Neuroleptic-induced akathisia is a clinically important neuropsychiatric syndrome with mainly subjectively experienced psychic symptoms on the one hand and well-observable motor signs on the other. There is no general consensus of opinion on the relative importance of these two aspects for diagnosing akathisia. Hence, differential diagnosis is difficult and in the absence of a biological marker it depends crucially on clinical judgement. Systematic investigation of 27 in-patients via a semistructural interview, a self-assessment scale (20 in-patients) and established akathisia rating scales (Hillside, Barnes, Prince Henry Hospital and Chouinard) revealed four characteristics of subjective experience in acute neuroleptic-induced akathisia: 1. perception of a foreign but nevertheless inner compulsion to move; 2. lack of control over motor behaviour; 3. feeling of inhibition of purposeful actions and 4. subjectively close or inseparable relationship between inner restlessness and restless movements. These features are strongly interrelated and correlate with severity of akathisia. They could be useful in differentiating akathisia from other states of restlessness. The results of this study are discussed in context of the literature on clinical phenomenology of akathisia. We propose a symptom-severity model of akathisia emphasizing psychodynamic aspects with considerable consequences for diagnosis and quantification of the disorder. The model points to the relevance of patient exploration for optimizing diagnostic reliability and should be taken into account when developing new and valid akathisia rating instruments.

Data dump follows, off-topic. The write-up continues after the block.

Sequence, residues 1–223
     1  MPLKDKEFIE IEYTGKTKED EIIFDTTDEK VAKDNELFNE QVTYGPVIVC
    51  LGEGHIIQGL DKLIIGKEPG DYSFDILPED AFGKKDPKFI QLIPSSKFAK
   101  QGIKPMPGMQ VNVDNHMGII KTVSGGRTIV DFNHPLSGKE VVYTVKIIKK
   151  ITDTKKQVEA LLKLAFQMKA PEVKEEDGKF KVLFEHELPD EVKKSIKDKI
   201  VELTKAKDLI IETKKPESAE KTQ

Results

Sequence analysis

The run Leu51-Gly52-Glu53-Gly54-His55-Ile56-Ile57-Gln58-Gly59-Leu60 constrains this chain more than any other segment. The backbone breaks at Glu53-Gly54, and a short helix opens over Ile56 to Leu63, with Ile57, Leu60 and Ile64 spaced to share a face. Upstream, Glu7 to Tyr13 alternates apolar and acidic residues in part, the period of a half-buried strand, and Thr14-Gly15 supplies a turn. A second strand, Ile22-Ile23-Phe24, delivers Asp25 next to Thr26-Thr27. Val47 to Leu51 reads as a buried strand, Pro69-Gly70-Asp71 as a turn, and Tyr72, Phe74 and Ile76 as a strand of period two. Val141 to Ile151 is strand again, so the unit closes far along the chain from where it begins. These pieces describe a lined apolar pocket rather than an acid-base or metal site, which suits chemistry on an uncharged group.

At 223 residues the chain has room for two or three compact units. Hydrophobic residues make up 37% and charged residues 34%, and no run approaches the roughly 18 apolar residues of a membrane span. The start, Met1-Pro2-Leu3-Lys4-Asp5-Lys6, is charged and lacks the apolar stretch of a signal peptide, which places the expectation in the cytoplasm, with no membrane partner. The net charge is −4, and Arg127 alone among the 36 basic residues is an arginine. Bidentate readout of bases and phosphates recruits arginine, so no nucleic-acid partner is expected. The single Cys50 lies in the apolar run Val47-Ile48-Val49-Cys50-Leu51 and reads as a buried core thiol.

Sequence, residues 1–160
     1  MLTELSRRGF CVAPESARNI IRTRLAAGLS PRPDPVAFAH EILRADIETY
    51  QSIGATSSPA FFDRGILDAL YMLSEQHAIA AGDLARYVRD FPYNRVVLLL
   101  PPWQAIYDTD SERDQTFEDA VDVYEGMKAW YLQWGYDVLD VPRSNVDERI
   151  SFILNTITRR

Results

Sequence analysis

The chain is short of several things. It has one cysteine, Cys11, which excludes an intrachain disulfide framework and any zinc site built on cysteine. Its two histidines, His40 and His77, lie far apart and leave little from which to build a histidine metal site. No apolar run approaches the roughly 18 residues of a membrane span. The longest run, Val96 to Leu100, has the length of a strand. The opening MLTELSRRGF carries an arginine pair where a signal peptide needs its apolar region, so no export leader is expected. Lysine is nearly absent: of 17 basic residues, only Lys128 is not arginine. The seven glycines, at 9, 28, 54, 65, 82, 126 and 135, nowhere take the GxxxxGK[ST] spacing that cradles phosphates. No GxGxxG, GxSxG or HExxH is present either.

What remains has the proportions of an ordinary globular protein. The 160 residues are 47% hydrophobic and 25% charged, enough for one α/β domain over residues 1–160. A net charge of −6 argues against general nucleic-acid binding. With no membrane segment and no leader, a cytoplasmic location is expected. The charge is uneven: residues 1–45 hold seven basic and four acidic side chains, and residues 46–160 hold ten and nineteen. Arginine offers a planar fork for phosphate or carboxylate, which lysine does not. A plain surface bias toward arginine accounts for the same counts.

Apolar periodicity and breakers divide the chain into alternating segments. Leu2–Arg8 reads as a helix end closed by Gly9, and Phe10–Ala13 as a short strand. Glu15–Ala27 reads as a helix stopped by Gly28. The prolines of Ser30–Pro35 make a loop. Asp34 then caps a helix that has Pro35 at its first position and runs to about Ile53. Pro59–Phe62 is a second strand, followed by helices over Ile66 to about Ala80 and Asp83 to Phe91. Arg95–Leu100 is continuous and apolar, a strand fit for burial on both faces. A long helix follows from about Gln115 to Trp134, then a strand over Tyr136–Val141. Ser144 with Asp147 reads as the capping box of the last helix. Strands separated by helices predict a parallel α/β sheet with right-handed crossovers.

|Translated title of the contribution||Subjective experience of patients with acute neuroleptic-induced akathisia|
|Number of pages||8|
|Journal||Fortschritte der Neurologie Psychiatrie|
|Publication status||Published - 1998|
ASJC Scopus subject areas
- Clinical Neurology
- Psychiatry and Mental health